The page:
is still spoken by a few thousand people.[19] In addition, rare dialects of the Franco-Provençal language
Franco-Provençal language
called Faetar and the closely related Cellese are spoken by a dwindling number of individuals in the towns of Faeto and Celle Di San Vito, in the Province of Foggia.[20] The Arbëreshë dialect of the Albanian language has been spoken by a small community since refugees settled there in the 15th century.[21] See also[edit]

Iapygians Messapians Gargano Sacra Corona Unita Salento Tavoliere delle Puglie Terra d'Otranto Trullo Accademia Apulia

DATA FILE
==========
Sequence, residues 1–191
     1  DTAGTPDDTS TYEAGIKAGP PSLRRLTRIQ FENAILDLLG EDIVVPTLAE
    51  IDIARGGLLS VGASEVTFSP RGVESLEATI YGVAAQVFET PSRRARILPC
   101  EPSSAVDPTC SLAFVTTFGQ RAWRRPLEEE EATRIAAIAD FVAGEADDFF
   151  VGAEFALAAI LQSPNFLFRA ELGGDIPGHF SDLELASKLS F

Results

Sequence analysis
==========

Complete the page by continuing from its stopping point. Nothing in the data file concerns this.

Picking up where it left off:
^ "Regional gross domestic product by NUTS 2 regions - million". Eurostat. Retrieved 8 September 2013.  ^ EUROPA – Press Releases – Regional GDP per inhabitant in 2008 GDP per inhabitant ranged from 28% of the EU27 average in Severozapaden in Bulgaria to 343% in Inner London Archived February 12, 2012, at the Wayback Machine. ^ "Introducing Puglia". Lonely Planet. Retrieved 8 July 2017.  ^ "Holiday guide to Puglia, southern Italy: the best towns, restaurants and hotels". The Guardian. Guardian Media Group. 4 July 2015. Retrieved 15 November 2016.  ^ Elizabeth A. Fisher, The Mycenaeans and Apulia. An Examination of Aegean Bronze Age Contacts with Apulia